Key Concepts for Leveraging Chronic Absence During the Coronavirus Pandemic
Although chronic absence is being waived as an accountability metric in response to the coronavirus pandemic, monitoring when students miss too much school is more essential than ever.
The pandemic has exposed the harsh reality that many students and families are living paycheck to paycheck, with limited access to sufficient food, stable housing or health care, and no savings to fall back on after a sudden loss in income. Distance learning also shines a spotlight on the many families who don’t own a computer or lack quality internet service so children can benefit from virtual learning. The disproportionate impact of the coronavirus on Black, Latinx and Native American communities illustrates the long-term health effects of unequal access to resources due to racism.
Monitoring when students miss opportunities to learn – whether offered in person or through distance learning – is an invaluable tool for strengthening the efforts of educators, community partners and families to reduce the adverse impact of this pandemic on the country’s more than 55 million school children
Attendance Works developed a multi-phase framework (see image below) to assist educators and their partners in thinking strategically about supporting students and families. States and districts are now preparing for Phase 4, Transition back to School. How well states and districts navigated each phase affected the phase that followed. Those who built teams to organize a strong response in the spring were able to offer more coordinated supports to students and families. Those who were able to establish and maintain connections with families while school buildings were closed are more likely to see students return in the fall. See Present, Engaged and Supported for planning a data-informed, restorative transition back to school.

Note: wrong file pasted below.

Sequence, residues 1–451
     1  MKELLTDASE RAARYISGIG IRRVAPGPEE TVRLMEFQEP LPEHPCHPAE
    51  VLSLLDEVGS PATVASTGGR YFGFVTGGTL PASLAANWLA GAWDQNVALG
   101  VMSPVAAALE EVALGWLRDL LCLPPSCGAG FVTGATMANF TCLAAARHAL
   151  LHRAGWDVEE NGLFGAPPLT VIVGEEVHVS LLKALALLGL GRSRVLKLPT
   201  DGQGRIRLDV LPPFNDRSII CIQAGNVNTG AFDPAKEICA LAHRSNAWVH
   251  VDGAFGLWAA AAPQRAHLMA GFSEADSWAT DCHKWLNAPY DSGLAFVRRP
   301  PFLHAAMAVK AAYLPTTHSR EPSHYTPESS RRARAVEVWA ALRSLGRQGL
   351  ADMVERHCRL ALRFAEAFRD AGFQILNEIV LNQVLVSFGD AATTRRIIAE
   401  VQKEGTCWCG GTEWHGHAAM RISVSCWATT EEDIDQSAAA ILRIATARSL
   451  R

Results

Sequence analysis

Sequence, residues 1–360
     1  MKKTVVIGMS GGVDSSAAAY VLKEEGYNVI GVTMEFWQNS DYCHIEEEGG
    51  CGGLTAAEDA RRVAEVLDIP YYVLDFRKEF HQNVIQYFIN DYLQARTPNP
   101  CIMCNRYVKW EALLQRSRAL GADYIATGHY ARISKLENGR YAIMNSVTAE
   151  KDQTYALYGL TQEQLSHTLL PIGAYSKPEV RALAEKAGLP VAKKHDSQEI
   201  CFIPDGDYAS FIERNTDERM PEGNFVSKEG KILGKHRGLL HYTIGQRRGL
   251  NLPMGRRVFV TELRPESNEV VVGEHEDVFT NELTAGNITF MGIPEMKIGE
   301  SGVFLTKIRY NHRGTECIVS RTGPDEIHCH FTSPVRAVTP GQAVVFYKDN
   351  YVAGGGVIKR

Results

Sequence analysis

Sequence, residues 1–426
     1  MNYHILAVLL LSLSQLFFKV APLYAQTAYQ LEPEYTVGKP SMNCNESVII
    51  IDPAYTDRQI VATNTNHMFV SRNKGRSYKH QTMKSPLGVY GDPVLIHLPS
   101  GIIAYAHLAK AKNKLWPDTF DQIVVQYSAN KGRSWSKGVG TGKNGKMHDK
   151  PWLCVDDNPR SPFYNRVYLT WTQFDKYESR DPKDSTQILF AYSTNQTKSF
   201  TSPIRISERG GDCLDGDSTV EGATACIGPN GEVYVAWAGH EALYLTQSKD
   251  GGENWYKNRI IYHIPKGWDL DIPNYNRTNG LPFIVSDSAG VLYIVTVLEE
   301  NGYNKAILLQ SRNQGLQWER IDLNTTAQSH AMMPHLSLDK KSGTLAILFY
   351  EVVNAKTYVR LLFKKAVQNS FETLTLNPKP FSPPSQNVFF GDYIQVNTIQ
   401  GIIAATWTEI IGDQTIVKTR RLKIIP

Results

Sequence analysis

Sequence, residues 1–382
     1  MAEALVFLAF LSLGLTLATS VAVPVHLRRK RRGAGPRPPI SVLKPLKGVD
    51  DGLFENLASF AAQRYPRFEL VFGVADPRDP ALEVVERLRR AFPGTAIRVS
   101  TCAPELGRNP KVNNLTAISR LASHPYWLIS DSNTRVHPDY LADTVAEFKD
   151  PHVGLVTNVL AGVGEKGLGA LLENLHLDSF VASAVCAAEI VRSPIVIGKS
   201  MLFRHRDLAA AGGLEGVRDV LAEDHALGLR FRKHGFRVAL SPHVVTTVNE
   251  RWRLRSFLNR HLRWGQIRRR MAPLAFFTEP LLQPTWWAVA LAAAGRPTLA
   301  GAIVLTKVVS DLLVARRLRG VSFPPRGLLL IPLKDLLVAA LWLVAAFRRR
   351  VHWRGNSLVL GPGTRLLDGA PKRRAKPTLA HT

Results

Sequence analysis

At its core, chronic absence measures when students miss so much school they are at risk of not being prepared for kindergarten, learning to read by third grade, failing courses in middle school and dropping out of high school.
A high level of chronic absence alerts schools, community partners and families that one or more positive conditions for learning are not in place. When these four conditions for learning – physical and emotional health and safety; a sense of belonging, connection and support; academic challenge and engagement; and adults and peers with social emotional competency – are in place, students are more likely to attend school. (Learn more about the connection between conditions for learning and chronic absence here.)
Some students and families have not been in touch with their schools during the pandemic. We've developed a list of ideas and strategies for making this connection.
Strategies for Connecting with Students and Families
High chronic absence levels also signal the need for extra support to particular students or investments that are needed to address systemic problems. The best results occur when there is an intentional effort to avoid blaming students and families for the lack of attendance or participation.
During this time of the coronavirus pandemic, we recommend three strategies that leverage the power of chronic absence and other metrics to reduce the adverse impact of this crisis.